1418. Oedicnemus scolopax.
Charadrius oedicnemus, Linn. Syst. Nat.i, p. 255 (1766). Charadrius scolopax, S. G. Gmel. Reis. Russl. iii, p. 87, pi. 16 (1774). Oedicnemus crepitans, Temm. Man. d'Orn. p. 322 (1815); Blyth, Cat. p. 260 ; Jerdon, B. I. iii, p. 654; Blanf. J. A. S. B. xxxviii, pt. 2, p. 190; id. Ibis, 1870, p. 470; Hume, S. F. i, p. 232 ; Adam, ibid. p. 395; Butler, S. F. iv, p. 14. Oedicnemus indicus, Salvadori, Atti Soc. Ital. Sc. Nat. viii, p. 380 (1865); Hume, N. & E. p. 581; Stoliczka, J. A. S. B. xli, pt. 2, p. 251 ; Ball, S. F. vii, p. 227. Oedicnemus scolopax, Dresser, Birds Eur. vii, p. 401, pl. 512 ; Hume & Dav. S. F. vi, p. 458; Hume, Cat. no. 859 ; Doig, S. F. viii, p. 371; Legge, Birds Ceyl. p. 969 ; Vidal, S. F. ix, p. 82 ; Butler, ibid. p. 427 ; Reid, S. F. x, p. 67; Davison, ibid. p. 413 ; Oates, B. B. ii, p. 356: Barnes, Birds Bom. p. 337; Oates in Hume's N. & E. 2nd ed. iii, p. 331. Oedicnemus oedicnemus, Sharpe, Cat. B. M. xxiv, p. 4.
The Stone-Plover, Jerdon ; Karwanak, Barsiri, H.; Lambi of Falconers ; Kharma, Beng.; Kaledu, Tel.; Kana mosul, Tam.; Bastard Florican of some Anglo-Indians.
Coloration. Upper parts ashy brown, varying to sandy buff, more or less rufescent towards the edges of the feathers, and with black shaft-stripes that are broadest on the back, narrow on the rump and upper tail-coverts ; hind neck often paler than crown ; lores and a streak from thence below the eye, with a superciliary stripe, creamy white; remainder of sides of head pale brown with blackish streaks; smaller wing-coverts rufous brown, streaked blackish, a white or whitish bar across them; median coverts ashy brown with whitish ends, blackish fusiform shaft-stripes, and brown patches near the tips; larger coverts white, each with an oblique subterminal blackish bar ; primary-coverts and quills blackish brown, first two or three primaries with a white patch, by far largest on the first, later primaries with their tips and bases white, earlier secondaries white on basal portion of inner web; tail ashy brown, all the feathers except the middle pair with blackish tips, each crossed by a subterminal white bar; lower parts white, fore neck rufous, and, together with the upper breast, streaked with dark brown shaft-stripes ; under tail-coverts pale rufous. Birds from dry sandy tracts are very pale-coloured.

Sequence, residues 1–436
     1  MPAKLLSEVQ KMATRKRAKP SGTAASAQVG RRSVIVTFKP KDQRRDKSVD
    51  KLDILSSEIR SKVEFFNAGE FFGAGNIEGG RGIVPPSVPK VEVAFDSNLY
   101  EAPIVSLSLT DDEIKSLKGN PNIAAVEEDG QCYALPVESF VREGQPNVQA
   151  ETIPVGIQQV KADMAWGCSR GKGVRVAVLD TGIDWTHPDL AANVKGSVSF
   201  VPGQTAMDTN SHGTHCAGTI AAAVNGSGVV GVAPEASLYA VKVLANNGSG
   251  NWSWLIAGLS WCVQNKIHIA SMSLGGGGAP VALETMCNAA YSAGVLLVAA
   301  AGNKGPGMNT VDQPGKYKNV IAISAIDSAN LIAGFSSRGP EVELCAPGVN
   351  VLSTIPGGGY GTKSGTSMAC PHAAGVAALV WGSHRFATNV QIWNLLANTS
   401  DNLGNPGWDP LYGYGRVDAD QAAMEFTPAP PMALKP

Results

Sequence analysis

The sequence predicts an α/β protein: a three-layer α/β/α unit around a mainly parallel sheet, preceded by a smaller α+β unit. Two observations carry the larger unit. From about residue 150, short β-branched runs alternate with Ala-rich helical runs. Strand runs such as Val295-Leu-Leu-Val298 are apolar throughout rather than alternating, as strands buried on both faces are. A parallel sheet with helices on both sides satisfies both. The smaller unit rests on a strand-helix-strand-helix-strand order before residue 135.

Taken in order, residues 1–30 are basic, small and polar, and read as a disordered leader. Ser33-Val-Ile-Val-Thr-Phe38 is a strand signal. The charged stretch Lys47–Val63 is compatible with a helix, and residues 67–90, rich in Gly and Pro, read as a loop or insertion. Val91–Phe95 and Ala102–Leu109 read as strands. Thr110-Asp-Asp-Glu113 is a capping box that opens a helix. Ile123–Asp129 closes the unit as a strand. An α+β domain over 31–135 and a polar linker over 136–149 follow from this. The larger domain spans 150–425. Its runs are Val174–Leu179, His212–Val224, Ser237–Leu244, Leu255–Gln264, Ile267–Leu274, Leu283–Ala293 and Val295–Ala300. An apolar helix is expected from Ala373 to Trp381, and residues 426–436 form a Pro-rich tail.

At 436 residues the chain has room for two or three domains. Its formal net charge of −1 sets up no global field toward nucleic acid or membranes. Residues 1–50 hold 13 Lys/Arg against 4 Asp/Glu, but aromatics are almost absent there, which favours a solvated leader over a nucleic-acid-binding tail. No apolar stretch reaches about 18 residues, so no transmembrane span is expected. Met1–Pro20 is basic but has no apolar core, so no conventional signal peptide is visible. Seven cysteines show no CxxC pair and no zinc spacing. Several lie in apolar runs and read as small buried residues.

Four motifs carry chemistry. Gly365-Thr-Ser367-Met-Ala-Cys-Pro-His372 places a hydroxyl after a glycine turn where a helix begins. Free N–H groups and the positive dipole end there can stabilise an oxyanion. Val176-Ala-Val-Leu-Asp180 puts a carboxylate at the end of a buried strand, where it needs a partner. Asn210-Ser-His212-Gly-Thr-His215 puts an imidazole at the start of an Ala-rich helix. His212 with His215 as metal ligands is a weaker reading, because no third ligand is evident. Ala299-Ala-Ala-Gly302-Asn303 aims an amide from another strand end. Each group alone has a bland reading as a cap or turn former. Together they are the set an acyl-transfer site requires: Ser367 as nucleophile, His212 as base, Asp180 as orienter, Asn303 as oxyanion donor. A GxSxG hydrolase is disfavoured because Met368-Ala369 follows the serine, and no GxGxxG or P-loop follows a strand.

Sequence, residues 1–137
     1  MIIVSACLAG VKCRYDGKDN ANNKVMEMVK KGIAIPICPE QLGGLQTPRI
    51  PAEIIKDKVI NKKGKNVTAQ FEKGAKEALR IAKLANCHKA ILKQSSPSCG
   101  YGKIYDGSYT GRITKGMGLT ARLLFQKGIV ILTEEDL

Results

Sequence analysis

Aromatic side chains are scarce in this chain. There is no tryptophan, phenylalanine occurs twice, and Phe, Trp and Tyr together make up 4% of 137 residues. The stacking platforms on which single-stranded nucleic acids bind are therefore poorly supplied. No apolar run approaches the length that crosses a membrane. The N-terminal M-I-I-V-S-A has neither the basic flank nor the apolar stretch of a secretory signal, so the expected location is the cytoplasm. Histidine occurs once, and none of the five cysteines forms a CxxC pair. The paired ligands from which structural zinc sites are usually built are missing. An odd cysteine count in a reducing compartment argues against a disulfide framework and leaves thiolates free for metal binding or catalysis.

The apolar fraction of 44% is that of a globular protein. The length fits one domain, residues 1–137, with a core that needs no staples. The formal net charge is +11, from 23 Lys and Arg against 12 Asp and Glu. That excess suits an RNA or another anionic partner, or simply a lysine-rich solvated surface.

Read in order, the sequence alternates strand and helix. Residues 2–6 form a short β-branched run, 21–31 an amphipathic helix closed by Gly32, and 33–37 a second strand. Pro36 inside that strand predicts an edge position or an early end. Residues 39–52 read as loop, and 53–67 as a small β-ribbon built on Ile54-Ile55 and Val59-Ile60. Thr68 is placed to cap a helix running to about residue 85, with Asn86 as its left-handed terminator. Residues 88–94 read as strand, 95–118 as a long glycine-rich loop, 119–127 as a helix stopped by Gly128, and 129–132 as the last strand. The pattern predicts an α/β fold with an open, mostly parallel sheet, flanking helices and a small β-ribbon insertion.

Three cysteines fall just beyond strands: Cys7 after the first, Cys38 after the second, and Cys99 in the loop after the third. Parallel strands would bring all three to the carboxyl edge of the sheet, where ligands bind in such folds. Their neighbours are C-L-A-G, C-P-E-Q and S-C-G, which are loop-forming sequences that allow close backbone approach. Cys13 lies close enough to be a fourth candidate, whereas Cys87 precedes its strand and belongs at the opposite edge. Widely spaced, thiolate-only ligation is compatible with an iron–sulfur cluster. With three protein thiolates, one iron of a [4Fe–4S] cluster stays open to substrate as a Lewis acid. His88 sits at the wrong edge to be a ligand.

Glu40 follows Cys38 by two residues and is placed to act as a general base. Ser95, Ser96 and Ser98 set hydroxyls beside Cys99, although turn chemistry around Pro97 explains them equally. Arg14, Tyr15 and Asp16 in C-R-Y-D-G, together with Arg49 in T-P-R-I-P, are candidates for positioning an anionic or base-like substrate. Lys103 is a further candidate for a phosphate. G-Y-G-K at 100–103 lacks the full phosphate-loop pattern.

The. young have the wing-coverts and tail-feathers irregularly banded darker. The nestling is clad in dark sandy-grey down with a few black stripes, especially two down the back.
The Indian bird is on an average smaller than the European, and has generally a white patch on the third primary ; this patch is usually wanting in skins from Europe, but neither distinction is constant.
Bill black at the end, yellow at the base ; irides bright yellow, orbits duller ; legs and feet yellow.
Length about 16; tail 4.25; wing 8.7 (from 8.25 to 9.5); tarsus 3 ; bill from gape 2.
Distribution. Central and Southern Europe, with North Africa, Central and South-western Asia, and throughout India, Ceylon, and Burma in suitable localities ; resident or nearly so.
Habits, &c. This well-known species is chiefly found on dry stony plains, or undulating ground, bare or with scattered bush or scrub jungle, not as a rule on hills, rarely, if ever, in forest. It is a wary bird, and in many respects resembles a Bustard in its habits, having the same trick of hiding by lying down on the bare ground, when it becomes very difficult to detect. It has a peculiar long wild Curlew-like cry, and is somewhat nocturnal; its food consists of insects, worms, snails, &c. The flesh is said to be excellent. It breeds from February to August in India, chiefly about April, and lavs generally two, sometimes three eggs, pale buff to olive-green in colour, blotched with black, sometimes with purplish clouds and spots. The average size of Indian eggs is 1.9 by 1.39. There is no nest.